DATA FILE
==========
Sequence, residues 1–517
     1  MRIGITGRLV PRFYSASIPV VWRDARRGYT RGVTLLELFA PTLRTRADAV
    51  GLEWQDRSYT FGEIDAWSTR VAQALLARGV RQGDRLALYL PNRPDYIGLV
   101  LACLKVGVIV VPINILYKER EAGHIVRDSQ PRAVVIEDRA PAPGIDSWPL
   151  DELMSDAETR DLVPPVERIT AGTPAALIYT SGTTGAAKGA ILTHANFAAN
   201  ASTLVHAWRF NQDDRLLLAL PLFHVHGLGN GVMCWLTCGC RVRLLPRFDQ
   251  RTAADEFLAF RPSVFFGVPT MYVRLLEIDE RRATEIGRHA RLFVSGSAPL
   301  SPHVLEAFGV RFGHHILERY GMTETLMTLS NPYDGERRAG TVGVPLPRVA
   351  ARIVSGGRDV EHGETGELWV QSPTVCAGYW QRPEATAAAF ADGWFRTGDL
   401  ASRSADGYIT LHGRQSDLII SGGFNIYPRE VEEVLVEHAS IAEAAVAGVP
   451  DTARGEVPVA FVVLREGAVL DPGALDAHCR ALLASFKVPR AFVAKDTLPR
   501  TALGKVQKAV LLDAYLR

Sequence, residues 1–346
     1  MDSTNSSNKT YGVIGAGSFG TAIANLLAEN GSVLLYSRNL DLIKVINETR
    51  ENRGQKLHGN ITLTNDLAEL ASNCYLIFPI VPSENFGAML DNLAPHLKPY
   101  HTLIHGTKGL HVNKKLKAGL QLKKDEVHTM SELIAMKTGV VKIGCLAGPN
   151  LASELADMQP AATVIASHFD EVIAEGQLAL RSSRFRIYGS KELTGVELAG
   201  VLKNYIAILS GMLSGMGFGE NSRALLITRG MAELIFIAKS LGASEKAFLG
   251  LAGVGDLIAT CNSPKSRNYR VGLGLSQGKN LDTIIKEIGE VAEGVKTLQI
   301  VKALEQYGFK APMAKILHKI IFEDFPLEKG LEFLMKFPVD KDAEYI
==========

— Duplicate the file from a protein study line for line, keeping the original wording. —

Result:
Sequence, residues 1–517
     1  MRIGITGRLV PRFYSASIPV VWRDARRGYT RGVTLLELFA PTLRTRADAV
    51  GLEWQDRSYT FGEIDAWSTR VAQALLARGV RQGDRLALYL PNRPDYIGLV
   101  LACLKVGVIV VPINILYKER EAGHIVRDSQ PRAVVIEDRA PAPGIDSWPL
   151  DELMSDAETR DLVPPVERIT AGTPAALIYT SGTTGAAKGA ILTHANFAAN
   201  ASTLVHAWRF NQDDRLLLAL PLFHVHGLGN GVMCWLTCGC RVRLLPRFDQ
   251  RTAADEFLAF RPSVFFGVPT MYVRLLEIDE RRATEIGRHA RLFVSGSAPL
   301  SPHVLEAFGV RFGHHILERY GMTETLMTLS NPYDGERRAG TVGVPLPRVA
   351  ARIVSGGRDV EHGETGELWV QSPTVCAGYW QRPEATAAAF ADGWFRTGDL
   401  ASRSADGYIT LHGRQSDLII SGGFNIYPRE VEEVLVEHAS IAEAAVAGVP
   451  DTARGEVPVA FVVLREGAVL DPGALDAHCR ALLASFKVPR AFVAKDTLPR
   501  TALGKVQKAV LLDAYLR

Sequence, residues 1–346
     1  MDSTNSSNKT YGVIGAGSFG TAIANLLAEN GSVLLYSRNL DLIKVINETR
    51  ENRGQKLHGN ITLTNDLAEL ASNCYLIFPI VPSENFGAML DNLAPHLKPY
   101  HTLIHGTKGL HVNKKLKAGL QLKKDEVHTM SELIAMKTGV VKIGCLAGPN
   151  LASELADMQP AATVIASHFD EVIAEGQLAL RSSRFRIYGS KELTGVELAG
   201  VLKNYIAILS GMLSGMGFGE NSRALLITRG MAELIFIAKS LGASEKAFLG
   251  LAGVGDLIAT CNSPKSRNYR VGLGLSQGKN LDTIIKEIGE VAEGVKTLQI
   301  VKALEQYGFK APMAKILHKI IFEDFPLEKG LEFLMKFPVD KDAEYI